Althea’s rapist moved back in with his wife of six years in early November. He was a senior copywriter at an advertising agency in Johannesburg, writing a crime novel on the side. He had published poems that had appeared in online journals (some in print, as well) in South Africa. He had yet to make a name for himself outside the country. Althea had met him in a bar one night. She was with friends. He was alone. Nursing a drink. He glanced in her direction a few times before she noticed that, perhaps, he was interested in her. Guys always wanted to buy Althea drinks.
They started “talking” to each other. He mouthed words to her. Pointed to his drink and empty shot glasses. She smiled and laughed. Pointed to her friends, who, when they saw him, a good-looking bloke sitting by himself, smiled and laughed with her. One friend, a blonde, gave him the thumbs-up sign. He smiled at Althea, showing his perfect teeth. Althea smiled back. He introduced himself to her as she made her way to the bathroom and joined the long queue. Sorry, I’ve come out with friends, was on her lips. She was a little drunk.
Steadied herself by putting her hand against the wall. Pretending that the bar was a room full of emptiness. Are you okay, he was asking her. No, no, I’m fine, she answered. I’ve just had too much to drink. Are you celebrating something special, he asked her again with that same confident smile. No, no. She smiled, still feeling dizzy, hoping the light wasn’t harsh here, and that it showed off her best features. Her eyes. Her hair. It’s just a girls’ night out. My friend wanted a break from her kids and her husband. She left him at home to babysit. She laughed.
But, it was a nervous laugh. He was making her nervous. I want to buy you a drink, he told her. She smiled. I’ve already had too much to drink, on her lips, but she didn’t say anything. The queue was moving. I don’t want to lose my place, she said, smiling, feeling much calmer. I’m going to meet you at the bar, she said. I won’t be long. I just have to fix my hair and lipstick. Sure, I’ll be waiting. She watched him as he walked away from her. For some reason, she thought of the snake tattoo on the barman’s arm. She’d been drinking a lot. Shots, tequila.
She leaned against the wall. Closed her eyes. When she opened them, she glanced in the man’s direction. He was watching her. He smiled at her, lifted his drink. Pointed to a cocktail next to him. Mouthed the words, for you; but, hadn’t she told him that she had had enough to drink – or, maybe she hadn’t. Maybe she hadn’t in so many words. It was her turn. She finally had the bathroom to herself. She looked at herself in the bathroom mirror. Told herself that she looked good. He was waiting for her. He looked like he worked out. Would be a good kisser. Great in bed.
He looked as if it would feel electric-sharp inside her head if he kissed her hard on the lips. He was alone. Men like that were usually players looking for a wham-bam one-night stand, or married, but he seemed the decent type. A talker. He didn’t seem to be one of those guys who wanted to make their way to a dark corner and feel her up after they had paid for drinks. I want to break free from corporate, which is why I am writing the crime novel. Althea asked him what it was about. I don’t know yet, to be quite honest with you. All I know is that my heroine wears stilettos.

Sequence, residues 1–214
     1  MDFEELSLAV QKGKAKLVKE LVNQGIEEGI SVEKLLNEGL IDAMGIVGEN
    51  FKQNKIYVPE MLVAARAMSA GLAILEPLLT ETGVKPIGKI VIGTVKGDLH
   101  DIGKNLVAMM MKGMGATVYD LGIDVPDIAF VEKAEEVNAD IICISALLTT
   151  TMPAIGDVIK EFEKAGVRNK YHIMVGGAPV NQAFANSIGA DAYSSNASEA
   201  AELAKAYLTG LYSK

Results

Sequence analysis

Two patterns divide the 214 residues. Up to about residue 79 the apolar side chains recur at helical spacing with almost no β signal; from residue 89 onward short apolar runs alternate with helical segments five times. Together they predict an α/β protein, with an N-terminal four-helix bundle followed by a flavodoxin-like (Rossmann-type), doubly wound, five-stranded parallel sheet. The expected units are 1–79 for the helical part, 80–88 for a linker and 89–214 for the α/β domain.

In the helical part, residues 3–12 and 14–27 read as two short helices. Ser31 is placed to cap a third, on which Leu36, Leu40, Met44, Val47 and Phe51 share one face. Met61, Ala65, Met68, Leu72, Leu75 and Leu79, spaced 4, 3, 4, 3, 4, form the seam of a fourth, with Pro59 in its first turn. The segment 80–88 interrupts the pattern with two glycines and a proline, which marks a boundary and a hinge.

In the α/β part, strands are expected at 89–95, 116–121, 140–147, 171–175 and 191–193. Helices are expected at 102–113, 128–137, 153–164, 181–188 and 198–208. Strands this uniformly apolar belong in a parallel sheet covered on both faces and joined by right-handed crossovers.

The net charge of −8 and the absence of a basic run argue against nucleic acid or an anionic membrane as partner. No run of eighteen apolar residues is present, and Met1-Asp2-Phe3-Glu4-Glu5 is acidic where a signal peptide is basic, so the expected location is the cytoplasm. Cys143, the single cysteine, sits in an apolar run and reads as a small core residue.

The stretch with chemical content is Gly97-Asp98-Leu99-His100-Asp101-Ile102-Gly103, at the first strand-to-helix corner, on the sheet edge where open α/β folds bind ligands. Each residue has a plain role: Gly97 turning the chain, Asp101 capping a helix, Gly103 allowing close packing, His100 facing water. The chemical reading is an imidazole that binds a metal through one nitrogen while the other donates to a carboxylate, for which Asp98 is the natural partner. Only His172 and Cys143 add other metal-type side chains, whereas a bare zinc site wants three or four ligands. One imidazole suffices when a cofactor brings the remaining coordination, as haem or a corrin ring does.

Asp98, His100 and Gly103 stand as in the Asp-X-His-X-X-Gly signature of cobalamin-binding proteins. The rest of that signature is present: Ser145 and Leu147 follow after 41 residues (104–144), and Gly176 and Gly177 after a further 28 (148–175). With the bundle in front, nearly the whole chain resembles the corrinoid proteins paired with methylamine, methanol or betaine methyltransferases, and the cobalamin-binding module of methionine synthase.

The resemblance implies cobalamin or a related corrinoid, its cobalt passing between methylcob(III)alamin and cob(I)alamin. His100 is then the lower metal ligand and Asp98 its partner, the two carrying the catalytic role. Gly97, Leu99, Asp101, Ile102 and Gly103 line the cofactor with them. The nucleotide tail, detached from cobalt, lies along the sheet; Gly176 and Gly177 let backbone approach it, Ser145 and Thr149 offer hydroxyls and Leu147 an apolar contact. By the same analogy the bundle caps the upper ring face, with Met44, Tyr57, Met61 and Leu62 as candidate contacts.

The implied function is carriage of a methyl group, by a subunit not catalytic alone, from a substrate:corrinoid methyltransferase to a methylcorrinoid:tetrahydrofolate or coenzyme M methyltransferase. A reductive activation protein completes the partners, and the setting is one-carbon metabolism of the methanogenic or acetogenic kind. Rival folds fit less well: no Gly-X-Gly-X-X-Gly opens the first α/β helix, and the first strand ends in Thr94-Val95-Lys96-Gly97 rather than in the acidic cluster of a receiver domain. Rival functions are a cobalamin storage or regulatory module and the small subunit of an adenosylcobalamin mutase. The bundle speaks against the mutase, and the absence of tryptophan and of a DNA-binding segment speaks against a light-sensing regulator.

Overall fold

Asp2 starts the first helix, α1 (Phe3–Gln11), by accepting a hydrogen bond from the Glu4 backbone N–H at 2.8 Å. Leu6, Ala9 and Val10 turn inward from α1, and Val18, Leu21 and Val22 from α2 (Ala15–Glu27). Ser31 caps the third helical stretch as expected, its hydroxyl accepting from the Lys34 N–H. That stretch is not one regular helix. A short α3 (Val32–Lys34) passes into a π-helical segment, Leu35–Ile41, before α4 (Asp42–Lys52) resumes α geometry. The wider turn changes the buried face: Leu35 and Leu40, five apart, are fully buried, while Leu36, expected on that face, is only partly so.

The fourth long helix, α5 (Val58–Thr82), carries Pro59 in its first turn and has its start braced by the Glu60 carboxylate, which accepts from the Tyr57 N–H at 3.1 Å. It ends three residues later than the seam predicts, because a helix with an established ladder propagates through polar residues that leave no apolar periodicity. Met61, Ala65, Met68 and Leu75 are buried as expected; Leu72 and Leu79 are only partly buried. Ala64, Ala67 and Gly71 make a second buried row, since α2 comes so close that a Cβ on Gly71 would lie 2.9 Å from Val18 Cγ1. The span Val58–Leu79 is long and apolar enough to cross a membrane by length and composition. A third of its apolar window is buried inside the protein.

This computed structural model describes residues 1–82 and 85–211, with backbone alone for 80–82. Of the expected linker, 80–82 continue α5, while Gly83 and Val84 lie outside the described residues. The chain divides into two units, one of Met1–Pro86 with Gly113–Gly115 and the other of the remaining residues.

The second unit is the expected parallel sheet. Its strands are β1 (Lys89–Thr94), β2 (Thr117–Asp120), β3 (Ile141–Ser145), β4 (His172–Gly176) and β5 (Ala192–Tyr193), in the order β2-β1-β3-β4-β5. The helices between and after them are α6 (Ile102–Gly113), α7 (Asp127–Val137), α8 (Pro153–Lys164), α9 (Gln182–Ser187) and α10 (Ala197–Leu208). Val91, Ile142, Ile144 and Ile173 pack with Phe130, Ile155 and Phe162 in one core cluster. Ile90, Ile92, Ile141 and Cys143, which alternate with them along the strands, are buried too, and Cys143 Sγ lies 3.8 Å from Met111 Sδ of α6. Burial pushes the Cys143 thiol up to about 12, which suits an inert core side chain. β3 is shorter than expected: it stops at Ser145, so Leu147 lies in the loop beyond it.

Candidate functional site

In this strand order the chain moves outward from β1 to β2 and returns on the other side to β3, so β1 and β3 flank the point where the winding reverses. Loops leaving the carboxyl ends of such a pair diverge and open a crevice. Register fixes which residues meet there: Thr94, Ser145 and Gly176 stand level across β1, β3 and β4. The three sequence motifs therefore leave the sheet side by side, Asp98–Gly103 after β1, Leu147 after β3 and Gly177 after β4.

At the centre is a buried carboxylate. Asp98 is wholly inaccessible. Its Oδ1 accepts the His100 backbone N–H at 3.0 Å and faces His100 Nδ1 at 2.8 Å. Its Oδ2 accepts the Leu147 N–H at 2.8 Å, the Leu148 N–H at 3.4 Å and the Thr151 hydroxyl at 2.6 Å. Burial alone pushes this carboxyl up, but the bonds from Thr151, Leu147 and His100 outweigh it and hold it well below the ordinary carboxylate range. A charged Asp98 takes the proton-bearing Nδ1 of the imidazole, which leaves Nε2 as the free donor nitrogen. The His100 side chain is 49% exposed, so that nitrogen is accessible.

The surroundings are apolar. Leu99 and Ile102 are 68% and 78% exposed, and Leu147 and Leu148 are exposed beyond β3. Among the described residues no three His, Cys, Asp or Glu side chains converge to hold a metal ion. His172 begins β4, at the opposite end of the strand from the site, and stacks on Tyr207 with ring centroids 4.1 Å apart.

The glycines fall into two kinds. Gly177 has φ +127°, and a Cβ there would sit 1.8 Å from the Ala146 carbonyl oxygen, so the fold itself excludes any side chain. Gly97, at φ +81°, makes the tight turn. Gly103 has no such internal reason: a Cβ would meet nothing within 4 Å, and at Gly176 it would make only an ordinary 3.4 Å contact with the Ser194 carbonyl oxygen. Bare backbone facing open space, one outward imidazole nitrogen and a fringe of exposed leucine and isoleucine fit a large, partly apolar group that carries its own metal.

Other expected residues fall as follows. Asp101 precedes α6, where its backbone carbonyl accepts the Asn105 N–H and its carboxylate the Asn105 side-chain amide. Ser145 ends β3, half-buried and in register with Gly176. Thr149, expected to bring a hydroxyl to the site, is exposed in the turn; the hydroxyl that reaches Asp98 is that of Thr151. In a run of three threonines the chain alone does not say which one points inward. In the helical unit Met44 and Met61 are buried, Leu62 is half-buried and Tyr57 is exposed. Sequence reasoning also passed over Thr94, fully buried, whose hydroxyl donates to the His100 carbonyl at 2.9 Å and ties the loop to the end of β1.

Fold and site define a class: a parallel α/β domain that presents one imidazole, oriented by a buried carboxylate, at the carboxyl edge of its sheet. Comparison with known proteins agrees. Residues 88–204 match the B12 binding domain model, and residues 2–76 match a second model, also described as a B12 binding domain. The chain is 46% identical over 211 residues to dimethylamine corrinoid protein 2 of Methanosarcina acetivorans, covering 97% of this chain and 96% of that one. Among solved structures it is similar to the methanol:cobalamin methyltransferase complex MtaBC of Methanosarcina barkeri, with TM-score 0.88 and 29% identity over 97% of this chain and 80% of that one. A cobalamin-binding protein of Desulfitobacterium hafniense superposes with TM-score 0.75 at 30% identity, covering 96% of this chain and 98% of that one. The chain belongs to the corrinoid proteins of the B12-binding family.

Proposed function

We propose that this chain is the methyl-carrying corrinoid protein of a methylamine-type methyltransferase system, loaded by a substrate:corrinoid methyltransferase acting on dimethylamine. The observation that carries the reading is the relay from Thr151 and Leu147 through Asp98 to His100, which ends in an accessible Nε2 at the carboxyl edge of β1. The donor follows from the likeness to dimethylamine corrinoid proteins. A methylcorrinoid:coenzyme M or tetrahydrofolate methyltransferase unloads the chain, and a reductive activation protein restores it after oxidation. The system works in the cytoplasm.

You must have a nickname, Althea asked, to keep the conversation going, as she sipped on her cocktail. She wasn’t planning on finishing it, but it gave her hands something to do. Starboy, they call me Starboy. Oh, okay, Starboy. Althea laughed. You have a nice laugh. Oh, thank you, said Althea, suddenly feeling shy and tongue-tied in his presence. We can go someplace else where we can talk in private, if you want, Althea. It was the first time he had said her name. It felt as if a flame had been lit inside her. No, oh, no, I want to go home with my friends.
You’re good with the ladies; the words just came shooting out of her mouth, now. I don’t know. I’ve never been married, and you, Althea? There it was again. Her name. Everybody’s lonely. It’s difficult meeting new people in the city. Everybody goes to bars. And you, Althea, you lonely? Is that what you do, go to bars to meet new people? Not right now, or, rather, not all the time, came Althea’s nervous laughter again. She was trying to be a flirt. He was looking around the bar, now. Want something else to drink, Althea? No, no. I’m quite fine.
He was going to make her drink the whole thing. He was watching her. So far, it seemed as if he still had the same drink in his hand that he had had when she had first laid eyes on him. He was smiling at her. Reached over and drank from the straw in her glass. That’s good. She nodded her head. She was getting tired. He leaned over and kissed her. She didn’t pull back, but instead parted her lips. He put his hand on her knee. I’ll take you home, if you like, Althea. We can take a taxi. My friends, I have to tell them I’m going with you. I’ll wait for you outside, then.
Althea, the volcano. He smiled at her again, that strange, mysterious smile that made her fall in love with him. In desire with him. In the car, Althea rested her head on his shoulder, felt his hand drumming on her knee; and then, he was stroking her thigh, and it felt nice, so she didn’t say anything. I mean, things like this happen all the time. Women meeting their future husbands in bars. Their future boyfriends. And then, there was a shift in the energy of the backseat. He was yanking her panties down. It’s okay. I’m not going to hurt you.
Althea, volcano, lover. But, she was so tired now, she could hardly keep her eyes open. Didn’t know whether she had given her address to the cab driver.